Best/Worst example?: Psyllium Husk - good god, no…! This is all the anti-nutrients and the husk of all of the lectin and saponin-containing grains concentrated into a powder with zero other benefits. Whilst it doesn’t contain gluten - it contains all of the bad parts of gluten-containing grains that go alongside the gluten…. (See our All About Gluten section for more on this). Also of note is chickpea flour, also known as Gram Flour - again… concentrated legume-based flour which basically refines everything that’s inflammatory and negative about the legumes which you are avoiding. (See All About Legumes for more on this). This sneaks into a lot of ‘gluten-free’ goods, but is really not Paleo and really not “Healthful”.

THE PALEO SUGARS

Again, frequently used in cooking/baking and strictly 'legal', but still sugar ...: Cane Syrup, Date Sugar, Tapioca Sugar, Coconut Sugar, Palm Sugar, Agave Nectar (actually on the ‘no list’ as it’s basically High Fructose Corn Syrup, just derived from a cactus instead)... EXCEPTIONS to the sugar rule include Honey (preferably local, definitely RAW) and Blackstrap Molasses, potentially even Maple Syrup. These all contain actual nutrients - especially the molasses - rather than being simple ‘sugar’ and ‘sweetness’ for your cookie recipes.

THE CROSS REACTIVES

Several products are often successfully reintroduced by people when used in isolation - but baking and cooking normally requires really high quantities of these products. This can tip tolerance over the edge into becoming reactive for some people, even though 'ordinary' consumption was absolutely fine. Two prime examples would be: Rice - really shown to have a high probability of cross-reacting with gluten for coeliacs. Whilst this is a low allergen food, if you have autoimmunity or gluten sensitivity specifically, this is a real reintroduction food that you need to play with. If you have reintroduced it successfully you may still have to watch the rice flour side of things - as using it as flour is a really large dose of this grain in one go. Dairy - you can read “All About Dairy” and our “Paleo Reintroductions” pages to fully understand the dairy question… but recognise that a bit of butter on vegetables and cream in coffee is vastly different to buttercream, cakes made with 250g of butter and frostings made with cream cheese, or dairy-based custard cakes… All not really Paleo, even if you have reintroduced good quality dairy. This is definitely a bridge too far for us at Paleo in the UK and certainly should not be an everyday occurrence.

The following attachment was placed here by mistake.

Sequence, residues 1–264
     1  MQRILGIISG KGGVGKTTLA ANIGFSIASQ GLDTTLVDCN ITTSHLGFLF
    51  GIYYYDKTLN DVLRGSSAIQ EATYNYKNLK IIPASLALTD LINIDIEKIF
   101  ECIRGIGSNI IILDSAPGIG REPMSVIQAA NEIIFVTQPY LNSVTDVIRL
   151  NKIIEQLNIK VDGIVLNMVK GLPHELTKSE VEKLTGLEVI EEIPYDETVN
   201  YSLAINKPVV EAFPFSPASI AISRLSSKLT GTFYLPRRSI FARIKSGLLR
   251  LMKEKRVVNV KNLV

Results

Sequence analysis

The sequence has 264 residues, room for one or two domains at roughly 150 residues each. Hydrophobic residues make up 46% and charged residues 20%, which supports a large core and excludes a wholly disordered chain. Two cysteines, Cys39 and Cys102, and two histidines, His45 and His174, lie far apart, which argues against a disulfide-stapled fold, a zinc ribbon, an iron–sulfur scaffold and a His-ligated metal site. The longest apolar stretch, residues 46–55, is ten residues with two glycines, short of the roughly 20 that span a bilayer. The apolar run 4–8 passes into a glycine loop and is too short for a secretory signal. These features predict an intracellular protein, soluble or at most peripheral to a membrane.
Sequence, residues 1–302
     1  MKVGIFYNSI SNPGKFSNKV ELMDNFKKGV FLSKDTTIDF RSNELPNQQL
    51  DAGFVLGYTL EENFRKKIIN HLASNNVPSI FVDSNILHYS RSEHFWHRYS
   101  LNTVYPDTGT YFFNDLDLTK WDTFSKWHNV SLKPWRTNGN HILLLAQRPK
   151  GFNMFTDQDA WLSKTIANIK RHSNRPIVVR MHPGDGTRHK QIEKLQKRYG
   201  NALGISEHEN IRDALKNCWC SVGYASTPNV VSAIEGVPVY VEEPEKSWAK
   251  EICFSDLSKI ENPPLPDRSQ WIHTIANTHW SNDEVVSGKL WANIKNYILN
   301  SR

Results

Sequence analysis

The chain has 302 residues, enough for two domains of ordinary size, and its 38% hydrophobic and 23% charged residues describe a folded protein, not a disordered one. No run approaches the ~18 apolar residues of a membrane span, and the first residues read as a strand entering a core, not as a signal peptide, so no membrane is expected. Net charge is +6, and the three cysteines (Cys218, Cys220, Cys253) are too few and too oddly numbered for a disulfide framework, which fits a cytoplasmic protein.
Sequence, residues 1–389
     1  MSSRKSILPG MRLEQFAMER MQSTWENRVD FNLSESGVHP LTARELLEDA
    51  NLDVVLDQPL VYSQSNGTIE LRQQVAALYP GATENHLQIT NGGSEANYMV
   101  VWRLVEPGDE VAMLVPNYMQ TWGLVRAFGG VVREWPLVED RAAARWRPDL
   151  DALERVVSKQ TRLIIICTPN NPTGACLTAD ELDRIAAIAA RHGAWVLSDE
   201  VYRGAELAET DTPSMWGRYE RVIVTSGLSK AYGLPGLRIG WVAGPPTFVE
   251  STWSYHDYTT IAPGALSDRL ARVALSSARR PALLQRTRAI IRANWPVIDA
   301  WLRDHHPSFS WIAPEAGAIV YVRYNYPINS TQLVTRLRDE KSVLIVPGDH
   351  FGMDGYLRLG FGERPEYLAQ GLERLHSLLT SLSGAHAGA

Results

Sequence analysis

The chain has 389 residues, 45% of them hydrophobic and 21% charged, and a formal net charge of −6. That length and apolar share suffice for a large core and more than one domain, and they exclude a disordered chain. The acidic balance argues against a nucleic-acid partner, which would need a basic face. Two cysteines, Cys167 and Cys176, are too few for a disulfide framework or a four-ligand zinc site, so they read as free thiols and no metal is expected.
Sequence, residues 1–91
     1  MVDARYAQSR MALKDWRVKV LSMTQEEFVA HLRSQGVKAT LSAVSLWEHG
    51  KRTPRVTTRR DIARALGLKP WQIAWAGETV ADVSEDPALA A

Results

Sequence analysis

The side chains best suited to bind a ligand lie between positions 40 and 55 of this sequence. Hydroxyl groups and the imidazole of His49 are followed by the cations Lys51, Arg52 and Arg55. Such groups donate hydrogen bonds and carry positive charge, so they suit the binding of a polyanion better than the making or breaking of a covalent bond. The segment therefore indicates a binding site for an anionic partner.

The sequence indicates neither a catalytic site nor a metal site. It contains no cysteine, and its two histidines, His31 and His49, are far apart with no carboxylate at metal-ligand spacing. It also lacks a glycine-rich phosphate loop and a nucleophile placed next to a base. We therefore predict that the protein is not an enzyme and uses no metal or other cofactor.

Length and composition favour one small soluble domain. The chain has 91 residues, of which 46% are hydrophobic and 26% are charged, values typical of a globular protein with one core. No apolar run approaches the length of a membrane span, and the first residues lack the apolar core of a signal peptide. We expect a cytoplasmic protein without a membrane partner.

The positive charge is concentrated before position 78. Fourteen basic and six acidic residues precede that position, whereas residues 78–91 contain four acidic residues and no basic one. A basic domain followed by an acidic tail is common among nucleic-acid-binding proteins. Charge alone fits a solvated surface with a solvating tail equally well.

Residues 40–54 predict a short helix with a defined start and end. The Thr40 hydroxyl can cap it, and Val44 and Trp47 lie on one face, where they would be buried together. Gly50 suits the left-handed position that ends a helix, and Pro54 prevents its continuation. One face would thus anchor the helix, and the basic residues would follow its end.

Want all of this information in a handy e-book / PDF guide? Just fill in your email to have the full Paleo Diet Ins/Outs & Reintroductions Guide emailed straight to your inbox:
 

A WORD OF CAUTION

The ‘RULES’ pages of Paleo can read a little bit like a prescription – and they are supposed to: we are providing the basic understandings of what’s on and off the Paleo table.

However, always, always bear in mind that Paleo is a TEMPLATE – and the above ‘rules’ define the outline of this way of eating.  If you’re unsure about what Paleo really is, do read our “What Is Paleo” page, and if you’re at all confused as to “Why Paleo”, please check out our “Paleo Purpose, Macronutrients and Weight Loss” Page.

In reality all humans are different and what your ultimate “Healthful Diet” will be will depend entirely on your individual circumstances. It also must be combined with an overarching understanding of incorporating nutrition into a whole Paleo Lifestyle.

Nothing here is meant to trigger controlling, restrictive behaviours. Paleo really is designed to help you heal from inflammation and provide yourself with stable foundations from which you can experiment with and enjoy food that’s healthy and nourishing, for you.

A WORD OF CAUTION

The ‘RULES’ pages of Paleo can read a little bit like a prescription – and they are supposed to: we are providing the basic understandings of what’s on and off the Paleo table.

However, always, always bear in mind that Paleo is a TEMPLATE – and the above ‘rules’ define the outline of this way of eating.  If you’re unsure about what Paleo really is, do read our “What Is Paleo” page, and if you’re at all confused as to “Why Paleo”, please check out our “Paleo Purpose, Macronutrients and Weight Loss” Page.

In reality all humans are different and what your ultimate “Healthful Diet” will be will depend entirely on your individual circumstances. It also must be combined with an overarching understanding of incorporating nutrition into a whole Paleo Lifestyle.

Nothing here is meant to trigger controlling, restrictive behaviours. Paleo really is designed to help you heal from inflammation and provide yourself with stable foundations from which you can experiment with and enjoy food that’s healthy and nourishing, for you.